Renato Alarcon*, Horacio Vargas-Murga, July Caballero-Peralta and Yuri Cutipé-Cárdenas Pages 1 - 8 ( 8 )
Historical and conceptual issues related to community psychiatry as an innovative approach to clinical assistance across the world, precede a more or less detailed examination of its presence, role and current accomplishments in Latin America, particularly related to child and adolescent subpopulations. Information about transition processes from the traditional hospital-centered model to the community-based approach, applicable mental health policies, levels of implementation and quality of the available reports in different countries, are duly evaluated. The situation in Perú, a country considered representative of the Low and Middle Income (LMIC) group in the subcontinent, is studied, with particular emphasis on a recently established community-based mental health centers program across its territory. Encouraging results about personal, family and identity empowerment, focus on integrated care, clinical outcomes and community relations, need to be carefully followed-up to avoid extremes of rigidity and reductionisms. Adolescents represent the unique future of socio-culturally diverse Latin American countries, and must be the target population of well-conceived, cohesive community mental health policies and programs.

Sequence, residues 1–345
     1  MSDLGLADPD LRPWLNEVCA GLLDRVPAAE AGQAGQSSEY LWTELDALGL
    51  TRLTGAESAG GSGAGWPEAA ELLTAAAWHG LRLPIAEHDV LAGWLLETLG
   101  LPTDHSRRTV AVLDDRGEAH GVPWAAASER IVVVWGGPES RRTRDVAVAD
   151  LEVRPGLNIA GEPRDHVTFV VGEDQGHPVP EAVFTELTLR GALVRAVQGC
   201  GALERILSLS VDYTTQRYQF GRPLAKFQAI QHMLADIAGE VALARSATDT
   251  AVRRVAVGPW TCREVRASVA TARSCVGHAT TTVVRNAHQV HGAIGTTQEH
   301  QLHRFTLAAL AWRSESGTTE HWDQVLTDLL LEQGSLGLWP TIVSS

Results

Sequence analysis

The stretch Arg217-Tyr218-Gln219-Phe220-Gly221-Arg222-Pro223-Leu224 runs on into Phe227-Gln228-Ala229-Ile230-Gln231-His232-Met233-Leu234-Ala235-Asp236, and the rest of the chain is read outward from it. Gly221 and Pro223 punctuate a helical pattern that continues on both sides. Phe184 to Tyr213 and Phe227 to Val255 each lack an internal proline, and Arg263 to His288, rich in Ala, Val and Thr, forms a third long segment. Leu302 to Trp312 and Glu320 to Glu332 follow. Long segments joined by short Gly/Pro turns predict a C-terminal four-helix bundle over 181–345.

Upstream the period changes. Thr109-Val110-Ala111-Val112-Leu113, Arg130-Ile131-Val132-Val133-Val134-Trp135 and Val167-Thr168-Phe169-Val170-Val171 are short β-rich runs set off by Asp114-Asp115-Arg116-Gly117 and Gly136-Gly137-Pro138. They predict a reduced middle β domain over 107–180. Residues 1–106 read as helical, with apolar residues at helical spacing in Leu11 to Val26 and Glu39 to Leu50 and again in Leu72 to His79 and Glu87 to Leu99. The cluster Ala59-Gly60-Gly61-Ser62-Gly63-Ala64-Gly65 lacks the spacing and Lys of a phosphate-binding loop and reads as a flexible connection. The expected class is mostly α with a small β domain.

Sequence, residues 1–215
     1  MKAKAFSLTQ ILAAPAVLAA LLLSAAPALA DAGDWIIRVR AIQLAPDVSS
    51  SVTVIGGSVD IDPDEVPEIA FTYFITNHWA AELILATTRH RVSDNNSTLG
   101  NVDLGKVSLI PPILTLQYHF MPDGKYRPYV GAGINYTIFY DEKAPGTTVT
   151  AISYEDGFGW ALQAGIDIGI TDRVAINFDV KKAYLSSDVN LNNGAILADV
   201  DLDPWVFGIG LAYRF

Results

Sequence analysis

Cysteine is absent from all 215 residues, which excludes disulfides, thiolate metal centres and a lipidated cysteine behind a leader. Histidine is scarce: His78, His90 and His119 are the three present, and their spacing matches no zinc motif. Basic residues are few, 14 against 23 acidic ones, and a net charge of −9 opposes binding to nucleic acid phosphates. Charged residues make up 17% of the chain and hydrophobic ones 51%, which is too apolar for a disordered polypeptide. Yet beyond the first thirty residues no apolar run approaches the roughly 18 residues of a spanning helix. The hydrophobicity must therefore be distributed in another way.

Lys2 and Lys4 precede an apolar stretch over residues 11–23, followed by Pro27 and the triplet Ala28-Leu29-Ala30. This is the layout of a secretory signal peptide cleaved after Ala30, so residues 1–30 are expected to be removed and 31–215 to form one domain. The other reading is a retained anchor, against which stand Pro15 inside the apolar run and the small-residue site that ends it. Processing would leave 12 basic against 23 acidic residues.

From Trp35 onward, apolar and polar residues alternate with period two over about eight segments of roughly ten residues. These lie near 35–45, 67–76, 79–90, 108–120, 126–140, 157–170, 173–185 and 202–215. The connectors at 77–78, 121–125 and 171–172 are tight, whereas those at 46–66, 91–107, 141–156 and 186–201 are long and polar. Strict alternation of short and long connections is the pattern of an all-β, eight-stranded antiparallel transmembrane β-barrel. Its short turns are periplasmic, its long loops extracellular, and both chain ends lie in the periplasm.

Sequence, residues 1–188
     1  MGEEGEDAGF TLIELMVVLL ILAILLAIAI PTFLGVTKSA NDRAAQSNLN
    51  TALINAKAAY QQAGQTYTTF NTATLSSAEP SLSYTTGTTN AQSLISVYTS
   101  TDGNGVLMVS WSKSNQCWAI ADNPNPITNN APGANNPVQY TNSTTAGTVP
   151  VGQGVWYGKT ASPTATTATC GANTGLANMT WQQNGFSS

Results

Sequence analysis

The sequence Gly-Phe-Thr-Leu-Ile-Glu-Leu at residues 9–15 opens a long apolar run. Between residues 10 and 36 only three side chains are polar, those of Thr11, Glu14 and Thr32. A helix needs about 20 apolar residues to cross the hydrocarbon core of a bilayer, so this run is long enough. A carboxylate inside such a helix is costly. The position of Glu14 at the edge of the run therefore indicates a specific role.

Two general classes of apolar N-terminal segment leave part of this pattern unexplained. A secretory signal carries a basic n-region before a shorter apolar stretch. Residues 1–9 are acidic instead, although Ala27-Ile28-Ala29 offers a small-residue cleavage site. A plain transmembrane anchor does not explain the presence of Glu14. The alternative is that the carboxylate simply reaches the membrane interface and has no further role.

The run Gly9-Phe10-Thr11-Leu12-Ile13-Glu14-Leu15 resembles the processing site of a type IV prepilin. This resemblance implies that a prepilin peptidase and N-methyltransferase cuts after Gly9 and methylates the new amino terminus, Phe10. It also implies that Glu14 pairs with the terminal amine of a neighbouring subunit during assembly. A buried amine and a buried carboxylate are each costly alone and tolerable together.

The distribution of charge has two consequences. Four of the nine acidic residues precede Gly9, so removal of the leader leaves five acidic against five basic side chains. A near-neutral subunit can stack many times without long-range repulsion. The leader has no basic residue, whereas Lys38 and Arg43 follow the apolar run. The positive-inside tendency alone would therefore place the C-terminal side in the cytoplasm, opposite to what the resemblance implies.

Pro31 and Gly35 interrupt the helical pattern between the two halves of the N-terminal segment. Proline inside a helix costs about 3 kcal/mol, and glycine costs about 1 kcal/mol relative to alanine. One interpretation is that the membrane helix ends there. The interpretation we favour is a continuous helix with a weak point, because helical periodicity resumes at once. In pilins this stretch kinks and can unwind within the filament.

Community psychiatry, mental health policies, adolescence, identity, Latin America.
Universidad Peruana Cayetano Heredia, School of Medicine, Universidad Peruana, School of Medicine, Universidad Peruana Cayetano Heredia, School of Medicine, Graduate School Faculty member, Child and Adolescent Psychiatry, School of Medicine, Universidad Peruana Cayetano Heredia, Mental Health Division, Ministry of Health, Lima